Saturday, October 07, 2006

Dies the Fire - S. M. Stirling

Dies the Fire
S.M. Stirling

Fantasy/Science Fiction

It’s been said that society is roughly three hot meals away from total anarchy. Meaning that, if essential services like electricity, transportation, and communication break down, society as a whole begins to dissolve. This is the case when The Change happens. The Change occurs in 1998, in a blinding flash of white light. Instantly, all electronic devices are rendered inoperative. It’s after dark, and it quickly becomes clear that battery-operated flashlights and gas-powered generators are also useless. As it happens, The Change has altered gunpowder and other explosive materials, making them harmless. This has its upside and its downside.

There’s no way to fix what’s happened. And it’s happened everywhere. The government finds itself unable to restore order, and chaos reigns. A huge percentage of the population dies off, some because of famine (no modern harvesting or transportation methods available to move the food to the people) and disease (ditto medicines.) The survivors begin to group together and re-establish society. Juniper Mackenzie, a Wiccan, organizes her group of survivors based on Wiccan beliefs and clan structure, seeing The Change as a way to return to a more simple and peaceful lifestyle. Mike Havel, an ex-military pilot forced to land a private plane full of passengers when his engines died during flight, organizes his group along more military lines, believing that ability to defend themselves is paramount in this uncertain time. Norman Arminger, a medieval scholar, decides that power means survival and sets his group to attacking others and stealing their food and resources.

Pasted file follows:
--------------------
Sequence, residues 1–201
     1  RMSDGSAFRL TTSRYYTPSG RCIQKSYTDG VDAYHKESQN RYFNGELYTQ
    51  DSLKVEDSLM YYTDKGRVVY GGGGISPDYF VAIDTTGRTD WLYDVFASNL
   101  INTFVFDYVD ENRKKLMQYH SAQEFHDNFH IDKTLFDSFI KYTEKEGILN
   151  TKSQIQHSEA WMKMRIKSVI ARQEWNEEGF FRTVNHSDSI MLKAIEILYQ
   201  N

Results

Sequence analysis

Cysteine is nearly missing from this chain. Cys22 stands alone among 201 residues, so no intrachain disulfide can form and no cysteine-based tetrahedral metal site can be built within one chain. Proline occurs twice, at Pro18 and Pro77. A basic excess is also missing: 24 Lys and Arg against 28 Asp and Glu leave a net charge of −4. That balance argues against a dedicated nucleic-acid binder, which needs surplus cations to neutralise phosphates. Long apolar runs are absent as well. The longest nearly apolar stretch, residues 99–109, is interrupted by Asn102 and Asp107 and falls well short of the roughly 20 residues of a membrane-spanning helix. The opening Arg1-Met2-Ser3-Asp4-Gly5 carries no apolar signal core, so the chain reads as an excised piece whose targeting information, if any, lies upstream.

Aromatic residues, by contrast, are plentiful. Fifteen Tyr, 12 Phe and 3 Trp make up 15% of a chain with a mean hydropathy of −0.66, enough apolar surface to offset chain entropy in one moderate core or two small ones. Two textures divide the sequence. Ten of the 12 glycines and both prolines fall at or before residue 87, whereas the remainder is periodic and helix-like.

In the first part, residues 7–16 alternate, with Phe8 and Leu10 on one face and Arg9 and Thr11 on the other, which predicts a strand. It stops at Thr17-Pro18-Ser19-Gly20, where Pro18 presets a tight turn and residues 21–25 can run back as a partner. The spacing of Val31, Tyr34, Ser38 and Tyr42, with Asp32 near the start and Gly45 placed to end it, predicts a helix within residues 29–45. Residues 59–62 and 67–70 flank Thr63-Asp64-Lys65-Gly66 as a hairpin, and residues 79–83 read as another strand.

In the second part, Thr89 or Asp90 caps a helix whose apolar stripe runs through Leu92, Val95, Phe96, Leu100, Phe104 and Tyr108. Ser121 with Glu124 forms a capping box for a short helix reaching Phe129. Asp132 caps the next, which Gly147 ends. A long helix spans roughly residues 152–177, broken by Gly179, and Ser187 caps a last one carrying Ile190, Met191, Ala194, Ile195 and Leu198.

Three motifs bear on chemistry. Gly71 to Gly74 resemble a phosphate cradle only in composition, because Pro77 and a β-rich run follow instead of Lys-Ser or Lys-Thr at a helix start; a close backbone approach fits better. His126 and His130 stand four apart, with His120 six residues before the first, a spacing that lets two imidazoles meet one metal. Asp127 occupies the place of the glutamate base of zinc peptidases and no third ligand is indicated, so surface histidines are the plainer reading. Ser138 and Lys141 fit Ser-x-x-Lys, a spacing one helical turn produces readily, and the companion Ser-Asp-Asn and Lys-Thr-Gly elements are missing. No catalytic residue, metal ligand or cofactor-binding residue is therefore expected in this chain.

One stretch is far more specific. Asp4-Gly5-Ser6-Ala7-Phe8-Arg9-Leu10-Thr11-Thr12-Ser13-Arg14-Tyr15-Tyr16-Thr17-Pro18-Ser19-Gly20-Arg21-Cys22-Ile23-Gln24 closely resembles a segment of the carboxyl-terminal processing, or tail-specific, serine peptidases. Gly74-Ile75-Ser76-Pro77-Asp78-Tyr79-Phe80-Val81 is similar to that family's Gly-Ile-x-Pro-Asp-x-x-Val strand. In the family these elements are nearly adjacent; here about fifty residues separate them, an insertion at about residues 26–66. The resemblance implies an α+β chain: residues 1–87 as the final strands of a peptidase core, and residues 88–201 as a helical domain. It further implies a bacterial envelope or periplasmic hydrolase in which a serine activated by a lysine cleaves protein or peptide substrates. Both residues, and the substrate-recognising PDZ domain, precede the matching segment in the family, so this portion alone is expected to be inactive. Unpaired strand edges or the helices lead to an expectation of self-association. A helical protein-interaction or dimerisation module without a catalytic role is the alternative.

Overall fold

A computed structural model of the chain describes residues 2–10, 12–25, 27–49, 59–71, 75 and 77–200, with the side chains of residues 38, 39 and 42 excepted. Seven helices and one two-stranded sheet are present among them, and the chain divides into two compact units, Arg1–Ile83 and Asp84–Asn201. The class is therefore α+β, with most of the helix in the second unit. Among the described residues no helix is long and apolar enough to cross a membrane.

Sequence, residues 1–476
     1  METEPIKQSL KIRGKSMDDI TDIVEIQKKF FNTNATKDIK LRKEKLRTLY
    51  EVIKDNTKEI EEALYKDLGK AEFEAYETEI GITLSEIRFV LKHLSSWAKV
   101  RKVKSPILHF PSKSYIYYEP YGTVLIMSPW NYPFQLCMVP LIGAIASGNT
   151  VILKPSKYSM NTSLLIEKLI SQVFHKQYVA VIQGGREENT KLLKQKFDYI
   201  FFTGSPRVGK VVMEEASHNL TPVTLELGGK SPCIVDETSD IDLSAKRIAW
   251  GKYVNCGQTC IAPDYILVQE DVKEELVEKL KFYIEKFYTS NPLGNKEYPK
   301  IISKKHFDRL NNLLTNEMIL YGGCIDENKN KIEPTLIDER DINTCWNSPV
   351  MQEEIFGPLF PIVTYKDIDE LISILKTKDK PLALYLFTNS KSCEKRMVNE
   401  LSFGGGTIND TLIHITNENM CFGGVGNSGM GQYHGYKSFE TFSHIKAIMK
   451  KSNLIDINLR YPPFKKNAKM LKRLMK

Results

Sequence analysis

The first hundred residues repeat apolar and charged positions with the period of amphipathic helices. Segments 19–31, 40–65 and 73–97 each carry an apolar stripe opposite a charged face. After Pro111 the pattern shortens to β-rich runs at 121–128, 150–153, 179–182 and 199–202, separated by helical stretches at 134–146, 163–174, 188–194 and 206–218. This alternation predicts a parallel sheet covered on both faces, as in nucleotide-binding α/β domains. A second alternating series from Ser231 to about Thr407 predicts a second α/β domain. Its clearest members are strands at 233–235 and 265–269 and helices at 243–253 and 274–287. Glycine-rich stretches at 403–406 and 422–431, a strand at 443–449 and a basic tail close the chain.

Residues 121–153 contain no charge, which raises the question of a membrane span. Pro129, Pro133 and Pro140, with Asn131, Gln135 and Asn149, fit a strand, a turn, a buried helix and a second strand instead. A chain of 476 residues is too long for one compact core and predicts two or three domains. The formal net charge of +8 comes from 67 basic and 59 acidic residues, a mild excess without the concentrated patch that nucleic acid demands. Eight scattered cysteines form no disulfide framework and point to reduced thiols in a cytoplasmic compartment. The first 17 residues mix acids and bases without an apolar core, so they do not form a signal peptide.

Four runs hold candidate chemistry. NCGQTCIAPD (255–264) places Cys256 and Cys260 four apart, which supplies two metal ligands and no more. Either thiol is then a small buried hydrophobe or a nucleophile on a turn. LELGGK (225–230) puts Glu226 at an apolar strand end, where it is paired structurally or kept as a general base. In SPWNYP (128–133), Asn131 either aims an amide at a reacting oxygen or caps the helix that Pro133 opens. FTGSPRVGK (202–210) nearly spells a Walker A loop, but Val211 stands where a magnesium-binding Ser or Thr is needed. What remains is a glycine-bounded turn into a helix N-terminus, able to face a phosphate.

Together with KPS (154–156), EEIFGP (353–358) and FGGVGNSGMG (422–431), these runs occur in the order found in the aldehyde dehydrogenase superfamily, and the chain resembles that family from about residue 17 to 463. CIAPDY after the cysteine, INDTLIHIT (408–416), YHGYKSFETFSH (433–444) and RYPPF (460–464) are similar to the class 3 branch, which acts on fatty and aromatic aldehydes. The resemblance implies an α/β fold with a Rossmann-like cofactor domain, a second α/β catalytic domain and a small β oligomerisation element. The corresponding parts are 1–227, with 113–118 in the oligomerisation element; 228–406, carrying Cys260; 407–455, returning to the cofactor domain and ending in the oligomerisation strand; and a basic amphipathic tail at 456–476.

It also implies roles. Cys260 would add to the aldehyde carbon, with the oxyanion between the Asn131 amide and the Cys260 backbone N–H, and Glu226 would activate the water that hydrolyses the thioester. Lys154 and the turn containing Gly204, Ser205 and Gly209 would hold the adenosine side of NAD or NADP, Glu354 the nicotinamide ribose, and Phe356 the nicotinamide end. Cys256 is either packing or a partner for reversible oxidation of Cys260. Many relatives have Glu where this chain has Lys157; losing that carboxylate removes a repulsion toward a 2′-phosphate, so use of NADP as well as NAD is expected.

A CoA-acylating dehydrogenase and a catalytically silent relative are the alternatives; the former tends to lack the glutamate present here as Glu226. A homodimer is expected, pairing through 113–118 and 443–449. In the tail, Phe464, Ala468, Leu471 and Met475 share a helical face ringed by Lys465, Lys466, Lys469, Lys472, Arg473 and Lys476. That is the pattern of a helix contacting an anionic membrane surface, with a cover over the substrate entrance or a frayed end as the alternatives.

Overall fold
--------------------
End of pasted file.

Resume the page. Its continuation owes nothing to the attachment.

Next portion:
One of the groups in situated near Portland, in Corvallis, site of many a Ren Faire. These people do have a distinct advantage, since the art of blacksmithing, for example, is not lost or completely foreign to them. While this might be a bit of a convenience in storytelling, it’s woven into the plot in such a way that it makes sense and moves things forward, since mankind has suddenly been tossed back into the Dark Ages, technologically speaking. There are many characters and storylines to follow here, making it a rich experience. There are two further novels in this series, THE PROTECTOR’S WAR and A MEETING AT CORVALLIS, both of which will be reviewed here soon. If you enjoy apocalyptic or ‘end of society’ stories, you won’t want to miss this one.

Rating: 8
September 2005
ISBN# 0-451-46041-3 (paperback)


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